The messages started arriving, and they didn’t stop. “There were more than 100,” Rayo Vallecano attacker Alberto Bueno told El País. “And that’s not including Twitter. I couldn’t even keep track of the ones which were coming through on there.”
Manchester United’s Juan Mata wasn’t among those who sent a message, but he did phone Bueno, who he played with at Real Madrid many moons ago, to congratulate him on his 14-minute, four-goal haul in Rayo’s win over Levante at the end of February. And the goals didn’t stop there: One more came against Barcelona, two against Granada and another at Eibar.
In total, Bueno has now scored 16 league goals this season; only Real Madrid icon Cristiano Ronaldo, Barcelona’s domineering duo Lionel Messi and Neymar and Sevilla’s Carlos Bacca have scored more. No Spaniard has.
Vicente del Bosque must be watching. Bueno was asked after becoming the first Rayo player to score four goals in Spain’s top flight if the national team coach had sent him a message. “No,” was his one-word reply.
There may well have been one from Porto boss Julen Lopetegui, though. “Can’t wait to see you doing that next season in a blue and white shirt,” may have been the message.
That’s because, if we believe everything coming out in the Spanish and Portuguese press (even if we are advised not to), Bueno will be snacking on francesinha and sipping port by the Douro River by the time August rolls around. The Portuguese giants are said to have snared the Rayo star, though nothing has been officially confirmed.
It all makes perfect sense. Since Lopetegui, who previously managed Spain at under-19, under-20 and under-21 levels, took charge at the Estádio do Dragão last summer, there has been something of a Spanish revolution. Seven Spanish players have been signed, among them the impressive Óliver Torres and Cristian Tello, borrowed from Atlético Madrid and Barcelona, respectively. If you include Lopetegui’s coaching staff, there is now over 10 Spaniards on the club’s payroll. Thus far, things have gone going quite well: Porto faces Bayern Munich in the Champions League quarterfinals and is just three points behind league leaders Benfica, who it will play at the end of April.
But being Spanish isn’t the only thing that helped Bueno show up on Porto’s radar. He’s also got history with Lopetegui. During the 2008-09 season, Lopetegui was in charge of Real Madrid’s second string, Castilla, when Bueno scored 16 goals. A couple of years prior, he was the top scorer in a side featuring Mata and Gerard Piqué as Spain won the under-19 European Championships, scoring twice in the final against Scotland.
Before going any further, it should be noted that any article about Bueno needs a literal Spanish-English translation. For those unacquainted with Castellano, bueno means good, and back when he was playing for Lopetegui with dreams of being the next Raúl González Blanco, Alberto was indeed Bueno.
He’s not always been Albert Good, though. Since impressing at youth level for Spain and being asked to train with Madrid’s first team by then-head coach Fabio Capello, there have been times when he has looked more like Albert Average. Eventually, like other Real Madrid striking talents Álvaro Negredo and Roberto Soldado, he realized he’d probably be better off away from Madrid and moved to Real Valladolid. A season later, he was on loan to Derby County.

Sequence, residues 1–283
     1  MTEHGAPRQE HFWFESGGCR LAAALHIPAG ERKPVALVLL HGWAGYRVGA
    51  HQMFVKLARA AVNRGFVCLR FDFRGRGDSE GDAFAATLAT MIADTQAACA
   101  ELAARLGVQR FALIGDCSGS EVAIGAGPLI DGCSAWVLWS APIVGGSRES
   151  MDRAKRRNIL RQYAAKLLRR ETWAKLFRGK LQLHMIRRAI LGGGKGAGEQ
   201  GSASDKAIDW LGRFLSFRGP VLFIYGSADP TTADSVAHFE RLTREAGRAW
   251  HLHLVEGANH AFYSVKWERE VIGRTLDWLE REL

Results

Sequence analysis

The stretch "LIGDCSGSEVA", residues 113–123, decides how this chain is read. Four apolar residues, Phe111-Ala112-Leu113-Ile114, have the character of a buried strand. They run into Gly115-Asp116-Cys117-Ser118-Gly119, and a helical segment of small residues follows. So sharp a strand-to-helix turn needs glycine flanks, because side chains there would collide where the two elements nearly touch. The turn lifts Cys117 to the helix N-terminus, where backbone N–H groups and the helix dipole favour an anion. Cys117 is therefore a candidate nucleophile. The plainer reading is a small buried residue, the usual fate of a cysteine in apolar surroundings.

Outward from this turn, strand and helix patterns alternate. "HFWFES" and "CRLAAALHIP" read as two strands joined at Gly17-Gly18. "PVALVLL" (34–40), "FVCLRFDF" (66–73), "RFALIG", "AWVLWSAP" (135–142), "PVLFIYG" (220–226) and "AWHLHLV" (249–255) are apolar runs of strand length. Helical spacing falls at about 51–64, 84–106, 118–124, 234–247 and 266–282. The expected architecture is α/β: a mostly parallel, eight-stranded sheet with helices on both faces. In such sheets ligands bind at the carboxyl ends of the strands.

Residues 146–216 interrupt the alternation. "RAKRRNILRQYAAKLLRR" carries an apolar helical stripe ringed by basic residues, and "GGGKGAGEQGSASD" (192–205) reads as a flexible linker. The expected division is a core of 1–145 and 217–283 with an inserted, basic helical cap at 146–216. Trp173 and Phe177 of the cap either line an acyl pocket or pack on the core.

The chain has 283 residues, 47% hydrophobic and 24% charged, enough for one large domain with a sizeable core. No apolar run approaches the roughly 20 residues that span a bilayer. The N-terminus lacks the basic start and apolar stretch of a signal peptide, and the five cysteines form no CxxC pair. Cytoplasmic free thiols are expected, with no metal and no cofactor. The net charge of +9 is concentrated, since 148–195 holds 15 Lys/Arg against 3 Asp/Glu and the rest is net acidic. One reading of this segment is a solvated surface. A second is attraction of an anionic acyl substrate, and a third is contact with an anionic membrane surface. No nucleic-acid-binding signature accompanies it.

Though next season he could be playing in the Champions League with Porto, back then he was struggling in the English Championship, his five goals in 29 appearances failing to meet the expectations of an English side bringing in a former Real Madrid striker. Two more seasons would follow at Valladolid, but the goals still did not. It wasn’t until his transfer to Rayo in 2013 and his link up with head coach Paco Jémez that he began to realize his potential.
In his El País interview, Blanco revealed he was never given “the confidence that I longed for” at Valladolid, but claimed that he never doubted his quality. Never. Now, thanks in parts to Jémez, but also to the rhythm that only scoring goals can bring, he has been able to find that quality.
Dealing in clichés, he said he’s rediscovered “a nose for a goal,” augmenting a package Bueno admits is not the quickest or the strongest. But he’s clearly discovered how to play to his strengths. He’s intelligent and has spent a lot of time over the last 18 months forcing his teammates and coaches to stay behind after training and to help him with his shooting.
Technically strong, Bueno can play as part of a front two or just behind a striker, and for 45 minutes on Wednesday night, he gave Sergio Ramos and Raphael Varane a torrid time as Rayo threatened to stun the European champions — before eventually losing, of course. No it appears his strong performances have allowed Porto to sniff him out from across the border; or, perhaps, Lopetegui’s memory has been jogged.
“He is the top scoring Spaniard. The national team manager knows loads about football, so let him decide,” Jémez said when asked about Bueno’s chances of being called up by La Roja. “But it would be incredible for a Rayo player, any Rayo player, to be called up.”
The sad thing for Jémez is that Rayo has an awkward tradition of losing its top scorer at the end of each season. Last year it was Joaquin Larrivey to Celta Vigo; the year before, Piti swapped Vallecas for Granada; and then there was Michu’s bargain basement move to Swansea City nearly three years ago.
This year, it could be Bueno’s turn to flee. If Del Bosque does get round to sending that message, he probably won’t be calling up a Rayo player, but a Porto one.